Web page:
Today’s guest contributor is Dushyant Sukhija, author of The Cisco Way: Leadership Lessons Learned from One of the World’s Greatest Technology Services Companies and a former executive with Cisco Systems.

Image credit before quote added: Pixabay





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Invest in your employees…and mean it

Invest in your employees…and mean it

leadership development

One question from clients that makes me happy is “We want to invest in our employees through leadership development. What should we keep in mind as we put the program together?”

3 characteristics

First, I tell them there are three characteristics that distinguish the best leadership development programs from the least effective ones—commitment, alignment, and accountability.

Commitment. Active, authentic support from all levels of the organization, especially senior management, creates meaningful and impactful programs. When leaders know that senior management endorses, supports, and believes in what they’re learning, the two-way loop of commitment is completed—senior management believes in me; I believe in the value of the development. Employees are quick to recognize window dressing training programs.

Alignment. The knowledge, skills, and abilities necessary to be hired, promoted, and execute organization vision, strategies, and goals must be what’s taught. Assure direct relevancy between course content and how leadership is practiced within your organization. If not, why are you wasting everyone’s time?

Accountability. Employees have to know that their boss is watching for a learning transfer from development session to practical on-the-job application. Research from McKinsey shows that employers with the most successful leadership development program are four times more likely to require development program participants to apply what they’ve learned on the job.

3 resources

Next, I tell them they have to be prepared to make three resources available to program attendees—time, role models, and accountability partners.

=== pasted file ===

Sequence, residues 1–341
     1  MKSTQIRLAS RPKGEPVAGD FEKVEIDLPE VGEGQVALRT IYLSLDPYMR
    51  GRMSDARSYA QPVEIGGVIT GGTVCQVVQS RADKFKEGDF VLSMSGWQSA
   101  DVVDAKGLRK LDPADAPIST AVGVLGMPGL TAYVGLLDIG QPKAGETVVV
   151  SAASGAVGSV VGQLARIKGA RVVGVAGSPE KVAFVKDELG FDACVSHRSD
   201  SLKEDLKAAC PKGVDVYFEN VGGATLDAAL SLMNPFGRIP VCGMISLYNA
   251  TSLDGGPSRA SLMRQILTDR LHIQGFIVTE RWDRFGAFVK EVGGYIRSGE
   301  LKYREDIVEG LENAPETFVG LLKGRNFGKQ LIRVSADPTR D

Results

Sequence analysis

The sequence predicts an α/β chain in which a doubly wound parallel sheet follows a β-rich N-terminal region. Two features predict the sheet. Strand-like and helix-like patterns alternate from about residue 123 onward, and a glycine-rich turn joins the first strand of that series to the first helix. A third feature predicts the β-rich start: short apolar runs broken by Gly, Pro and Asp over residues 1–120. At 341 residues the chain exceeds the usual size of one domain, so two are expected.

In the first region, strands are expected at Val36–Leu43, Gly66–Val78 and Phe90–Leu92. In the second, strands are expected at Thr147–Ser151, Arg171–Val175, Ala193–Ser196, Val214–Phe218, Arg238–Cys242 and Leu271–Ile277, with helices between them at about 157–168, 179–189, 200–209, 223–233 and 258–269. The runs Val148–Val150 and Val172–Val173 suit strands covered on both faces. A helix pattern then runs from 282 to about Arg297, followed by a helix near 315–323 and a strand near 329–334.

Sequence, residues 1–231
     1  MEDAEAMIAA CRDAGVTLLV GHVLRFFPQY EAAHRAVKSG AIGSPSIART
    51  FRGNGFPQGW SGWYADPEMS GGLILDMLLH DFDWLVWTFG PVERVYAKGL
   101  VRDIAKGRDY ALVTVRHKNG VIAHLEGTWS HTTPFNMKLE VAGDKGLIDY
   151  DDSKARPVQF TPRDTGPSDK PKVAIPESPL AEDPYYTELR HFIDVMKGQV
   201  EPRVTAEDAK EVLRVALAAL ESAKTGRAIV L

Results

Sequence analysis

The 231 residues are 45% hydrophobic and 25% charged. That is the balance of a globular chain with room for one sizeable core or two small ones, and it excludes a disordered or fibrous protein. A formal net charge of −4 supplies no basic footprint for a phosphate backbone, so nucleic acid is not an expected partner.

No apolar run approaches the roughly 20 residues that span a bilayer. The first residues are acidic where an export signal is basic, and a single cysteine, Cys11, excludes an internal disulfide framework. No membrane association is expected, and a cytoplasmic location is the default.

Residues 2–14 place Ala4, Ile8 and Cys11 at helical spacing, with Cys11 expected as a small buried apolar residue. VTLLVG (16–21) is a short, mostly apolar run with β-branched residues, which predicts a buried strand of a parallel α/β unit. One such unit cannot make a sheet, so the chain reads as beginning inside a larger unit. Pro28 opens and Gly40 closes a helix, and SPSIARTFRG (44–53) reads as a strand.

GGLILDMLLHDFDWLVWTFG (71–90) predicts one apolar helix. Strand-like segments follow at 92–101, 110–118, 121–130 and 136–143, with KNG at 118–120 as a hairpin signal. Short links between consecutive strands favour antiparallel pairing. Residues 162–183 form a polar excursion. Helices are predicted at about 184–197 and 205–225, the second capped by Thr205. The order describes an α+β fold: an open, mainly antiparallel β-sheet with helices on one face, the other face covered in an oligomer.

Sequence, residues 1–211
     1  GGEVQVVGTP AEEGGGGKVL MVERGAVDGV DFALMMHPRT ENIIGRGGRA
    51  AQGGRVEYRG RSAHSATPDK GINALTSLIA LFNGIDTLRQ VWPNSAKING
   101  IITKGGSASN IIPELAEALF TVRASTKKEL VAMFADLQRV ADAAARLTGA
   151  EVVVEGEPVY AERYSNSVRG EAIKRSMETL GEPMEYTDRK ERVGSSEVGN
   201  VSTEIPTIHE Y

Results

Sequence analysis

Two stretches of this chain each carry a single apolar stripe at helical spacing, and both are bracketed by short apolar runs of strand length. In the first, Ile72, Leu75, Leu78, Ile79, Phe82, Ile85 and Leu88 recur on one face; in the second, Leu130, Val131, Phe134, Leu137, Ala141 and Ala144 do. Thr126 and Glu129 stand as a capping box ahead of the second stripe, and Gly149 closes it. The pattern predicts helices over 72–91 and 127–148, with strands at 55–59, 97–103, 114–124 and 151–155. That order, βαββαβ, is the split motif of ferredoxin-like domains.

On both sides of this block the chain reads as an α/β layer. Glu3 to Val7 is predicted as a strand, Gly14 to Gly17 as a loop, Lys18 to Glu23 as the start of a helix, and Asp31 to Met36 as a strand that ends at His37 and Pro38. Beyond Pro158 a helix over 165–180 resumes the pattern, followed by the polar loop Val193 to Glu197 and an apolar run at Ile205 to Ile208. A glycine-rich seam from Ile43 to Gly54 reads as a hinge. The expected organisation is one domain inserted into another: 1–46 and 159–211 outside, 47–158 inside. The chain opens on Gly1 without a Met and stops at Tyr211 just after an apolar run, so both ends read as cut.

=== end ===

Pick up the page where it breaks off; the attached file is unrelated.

Time. Development programs take lots of forms: formal offsite sessions, classroom, workplace developmental assignments, coaching from inhouse or external experts, etc. Regardless of the method, allow attendees to be fully present. Don’t expect them to continue managing their jobs while taking in new skills.

Role models. Leadership skills are learnable, so connecting those in development programs with those who exemplify the best and brightest of your organization hones the attendee’s ability to think, understand, and do.

Accountability partners. In the best leadership development programs, the boss is always an accountability partner; and participants also partner up with someone who is going through the same program. Together, these people can reinforce learning, follow-up on learning transfer, and be a safe place to try on new skills.

3 attitudes

Lastly, I tell clients to adopt three attitudes toward both their leadership development programs as well as those participating in them—look for potential not only past performance, leave room for individuality and curiosity, and give permission for people to learn from their failure.

Look for potential. How an employee thinks, feels, and acts—are they flexible, self-directed, open to change, able to think critically and make a quality decision, interact well with others, and the like—says more about their leadership future than many quantitative metrics.

Leave room for individuality and curiosity. A team of cookie-cutter leaders isn’t going to be successful in today’s fast-paced, inter-connected business environment. Leave plenty of room for meaningful diversity of thought, opinion, perspective, and experience.

Make room for failure. Learning from failure is the absolute best teacher. Give your leadership development program participants space to bot try out what they learn and have a do-over if things didn’t go well the first time.

What else would you add to this list?


Image credit before quote added: Pixabay